Through the cacophony of birdcalls, the quintessential signals of spring and attempts at attracting mates, there is a low, deep growling sound. This rumble sets off a few more pig-like noises, but these aren’t pigs, these are koalas in their home bush lands of Australia. As you traverse the bush and giant orb weavers’ webs, you suddenly smell a musky eucalyptus-like odor, another telltale sign of a male koala.
Then, above your head you hear that deep growling grunting noise again and realize you have arrived. You ascend the tree and the smell gets stronger and there he sits, the male you have been searching for, your chosen mate.
This female koala adventure is what I, along with fellow collaborators, have been trying to understand by studying both the koala colony here at the San Diego Zoo, and wild populations living in the Australian outback. Though they are a relatively primitive species, koalas seem to have perfected their mating strategies. Throughout Queensland, Australia despite their solitary lifestyle koalas have certainly found effective ways to attempt to attract mates.
Males appear to be doing most of the “attracting” and are typically loud and smelly. If females are choosing their mates using male bellow calls and scent profiles, what exactly are these calls and smells communicating to them?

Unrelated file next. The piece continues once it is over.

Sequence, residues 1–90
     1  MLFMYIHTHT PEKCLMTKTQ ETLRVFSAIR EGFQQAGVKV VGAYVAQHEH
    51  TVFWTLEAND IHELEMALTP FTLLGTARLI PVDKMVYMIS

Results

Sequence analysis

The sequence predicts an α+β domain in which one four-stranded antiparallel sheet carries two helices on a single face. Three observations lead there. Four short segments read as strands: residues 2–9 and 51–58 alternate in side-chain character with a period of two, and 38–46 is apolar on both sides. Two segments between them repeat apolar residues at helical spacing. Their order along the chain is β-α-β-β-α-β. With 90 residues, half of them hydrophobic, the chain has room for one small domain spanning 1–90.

For the past 10 years, I have been studying the Queensland koala colony at the San Diego Zoo. As anyone who has spent time watching these cute creatures knows, they really don’t seem to be very active animals. In fact, they spend up to 20 hours a day sleeping so that they can process that poor quality, low nutrient eucalyptus diet that they so love. As a behaviourist, simply watching these adorable critters has really been just the beginning of untangling what is happening with these animals and their love lives.
Now, koala sensory ecology is coming into to play! Male koalas in particular are both loud and smelly. Combined, these two characteristics seem to be playing a role in their ability to find mates and make more koalas.
Through the use of high-tech recording equipment and collection of scent profiles, we are starting to examine what each of our males is communicating via their bellow calls and scent. We are starting to understand the simple but complex way that koalas find each other and reproduce successfully to ensure population growth in this species.
Jennifer Tobey, research coordinator, Behavioral Biology, San Diego Zoo Institute for Conservation Research.